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This section covers:

**Review of Inequalities****Bounded and Unbounded Regions****Inequality Word Problem****Linear Programming Terms****Linear Programming Word Problems**

**Linear Programming** sounds really difficult, but it’s just a neat way to use math to find out the best way to do things – for example, how many things to make or buy. It usually involves a **system of linear inequalities**, called **constraints**, but in the end, we want to either maximize something (like profit) or minimize something (like cost). Whatever we’re maximizing or minimizing is called the **objective function**.

Linear programming was developed during the second World War for solving military logistic problems. It is used extensively today in business to minimize costs and maximize profits.

Before we start Linear Programming, let’s review **Graphing Linear Inequalities with Two Variables.**

# Review of Inequalities

Let’s go back and revisit graphing linear inequalities on the coordinate system.

To graph inequalities on the coordinate system, we need to get “*y*” by itself on the left hand side, so it’s best to use the slope-intercept or “” formula. This is because we’ll easily know which way to shade the graph, and we’ll make fewer errors doing this. The shaded areas will be where the equation “works”; in other words, where the solutions are.

When we have “**y <** ”, we always shade in **under** the line that we draw (or to the left, if we have a vertical line). So think of “less than” as “**raining down**” from the graph.

When we have “**y > **”, we always shade **above** the line that we draw (or to the right, if we have a vertical line). So think of “greater than” as “**raining up**” from the graph. (I know – it doesn’t really “rain up”, but I still like to explain the graphs that way.)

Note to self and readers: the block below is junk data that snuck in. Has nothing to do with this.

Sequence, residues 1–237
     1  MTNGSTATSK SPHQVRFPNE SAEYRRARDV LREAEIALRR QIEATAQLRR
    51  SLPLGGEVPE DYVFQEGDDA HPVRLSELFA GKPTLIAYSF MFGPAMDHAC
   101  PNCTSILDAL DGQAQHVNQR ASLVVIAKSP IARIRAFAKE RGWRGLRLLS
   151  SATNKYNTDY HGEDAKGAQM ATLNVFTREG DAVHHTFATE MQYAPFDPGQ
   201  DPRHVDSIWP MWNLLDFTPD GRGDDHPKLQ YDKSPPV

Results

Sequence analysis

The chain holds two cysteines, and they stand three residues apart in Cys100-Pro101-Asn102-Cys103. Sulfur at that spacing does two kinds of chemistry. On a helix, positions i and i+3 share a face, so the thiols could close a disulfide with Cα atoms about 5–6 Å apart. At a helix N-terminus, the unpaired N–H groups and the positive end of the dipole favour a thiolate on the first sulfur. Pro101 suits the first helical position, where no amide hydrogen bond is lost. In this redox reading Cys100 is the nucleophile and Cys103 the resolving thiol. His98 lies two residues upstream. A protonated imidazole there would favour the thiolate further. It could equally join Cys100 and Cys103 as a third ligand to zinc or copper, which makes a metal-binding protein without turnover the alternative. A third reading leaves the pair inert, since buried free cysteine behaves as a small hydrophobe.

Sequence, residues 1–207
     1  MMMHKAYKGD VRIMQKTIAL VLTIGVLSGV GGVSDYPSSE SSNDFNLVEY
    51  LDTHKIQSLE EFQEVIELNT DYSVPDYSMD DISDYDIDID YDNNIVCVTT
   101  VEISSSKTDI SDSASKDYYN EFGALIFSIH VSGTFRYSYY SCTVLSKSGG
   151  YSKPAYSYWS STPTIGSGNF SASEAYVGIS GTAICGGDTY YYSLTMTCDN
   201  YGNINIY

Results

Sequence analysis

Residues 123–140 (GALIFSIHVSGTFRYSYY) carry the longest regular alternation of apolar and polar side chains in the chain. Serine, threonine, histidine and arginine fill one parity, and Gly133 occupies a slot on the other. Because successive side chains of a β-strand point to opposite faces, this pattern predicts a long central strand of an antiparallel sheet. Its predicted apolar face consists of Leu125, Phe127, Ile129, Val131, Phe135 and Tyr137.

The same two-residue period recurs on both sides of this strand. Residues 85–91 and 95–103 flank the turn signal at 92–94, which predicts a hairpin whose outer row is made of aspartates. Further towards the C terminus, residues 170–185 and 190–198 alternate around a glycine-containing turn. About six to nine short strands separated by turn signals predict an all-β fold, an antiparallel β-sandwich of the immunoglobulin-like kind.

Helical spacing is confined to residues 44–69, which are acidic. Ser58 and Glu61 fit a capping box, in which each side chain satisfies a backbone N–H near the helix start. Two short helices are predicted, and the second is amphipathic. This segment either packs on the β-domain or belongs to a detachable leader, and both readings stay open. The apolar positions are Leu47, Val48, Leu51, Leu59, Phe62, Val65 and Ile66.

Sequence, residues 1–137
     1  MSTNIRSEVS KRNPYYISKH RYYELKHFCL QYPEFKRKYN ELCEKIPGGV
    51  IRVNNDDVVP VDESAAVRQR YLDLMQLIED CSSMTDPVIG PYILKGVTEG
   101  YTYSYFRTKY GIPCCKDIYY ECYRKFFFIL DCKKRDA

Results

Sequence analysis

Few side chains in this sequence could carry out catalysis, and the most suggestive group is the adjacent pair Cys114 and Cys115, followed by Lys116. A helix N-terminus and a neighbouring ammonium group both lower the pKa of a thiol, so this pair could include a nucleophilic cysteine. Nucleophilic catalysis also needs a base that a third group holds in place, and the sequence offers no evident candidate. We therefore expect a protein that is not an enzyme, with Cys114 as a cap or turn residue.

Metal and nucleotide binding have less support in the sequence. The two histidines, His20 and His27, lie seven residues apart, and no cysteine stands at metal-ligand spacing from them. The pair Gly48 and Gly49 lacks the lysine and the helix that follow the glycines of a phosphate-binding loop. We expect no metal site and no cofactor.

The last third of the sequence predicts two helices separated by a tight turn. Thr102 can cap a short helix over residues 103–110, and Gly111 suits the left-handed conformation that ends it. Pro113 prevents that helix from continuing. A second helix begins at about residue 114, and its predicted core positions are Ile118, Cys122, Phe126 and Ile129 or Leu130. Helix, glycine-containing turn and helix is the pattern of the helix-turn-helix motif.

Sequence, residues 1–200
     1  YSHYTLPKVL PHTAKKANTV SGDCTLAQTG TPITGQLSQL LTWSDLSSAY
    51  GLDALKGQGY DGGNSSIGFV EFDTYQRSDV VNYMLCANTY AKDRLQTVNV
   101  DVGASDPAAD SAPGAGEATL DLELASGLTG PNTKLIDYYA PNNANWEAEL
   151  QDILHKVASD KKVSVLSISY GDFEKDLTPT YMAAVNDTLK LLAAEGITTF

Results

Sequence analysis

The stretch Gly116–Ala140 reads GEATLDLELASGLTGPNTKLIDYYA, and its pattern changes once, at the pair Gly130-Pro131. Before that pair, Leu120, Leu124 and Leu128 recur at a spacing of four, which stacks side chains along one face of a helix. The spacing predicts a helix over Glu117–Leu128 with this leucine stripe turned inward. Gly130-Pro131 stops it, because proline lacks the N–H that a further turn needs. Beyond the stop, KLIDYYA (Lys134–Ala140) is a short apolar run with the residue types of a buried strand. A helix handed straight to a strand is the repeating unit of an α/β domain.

Note that you can always plug in an (* x*,

*) ordered pair to see if it shows up in the shaded areas (which means it’s a solution), or the unshaded areas (which means it’s not a solution.) For an example of this, see the first inequality below.*

**y**With “**<**” and “**>**” inequalities, we draw a **dashed (or dotted) line** to indicate that we’re not including that line (but everything up to it), whereas with “” and “”, we draw a **regular line**, to indicate that we are including it in the solution. To remember this, I think about the fact that “**<**” and “**>**” have less pencil marks than “” and “”, so there is less pencil used when you draw the lines on the graph. You can also remember this by thinking the line under the “” and “” means you draw a solid line on the graph.

Note that the last example is a “**Compound Inequality**” since it involves more than one inequality. The solution set is the ordered pairs that satisfy **both** inequalities; it is indicated by the darker shading.

Here are some examples:

Again, note that the last example is a “**Compound Inequality**” since it involves more than one inequality. The solution set is the ordered pairs that satisfy **both** inequalities; it is indicated by the darker shading.

# Bounded and Unbounded Regions

With our Linear Programming examples, we’ll have a set of compound inequalities, and they will be **bounded inequalities**, meaning the inequalities will have both **maximum** and **minimum** values. (We’ll show examples below, but think of** bounded** meaning that you could draw a “circle” around the **feasible region**, which is the solution set to the inequalities).

Here are what some typical Systems of Linear Inequalities might look like in Linear Programming:

# Inequality Word Problem:

Linear Programming problems are typically **word problems** – not cool. But most will fit in the same mold: for these beginning problems, they will have **two types of unknowns or variables**, like earrings and necklaces, and they will involve inequalities.

You’ll just put the first variable on the ** x** axis and the second on the

**axis. We will be solving for the**

*y***number of each type**that either gives the maximum profit, or minimum cost.

Let’s first see an example of just **graphing an inequality** in a real-life situation: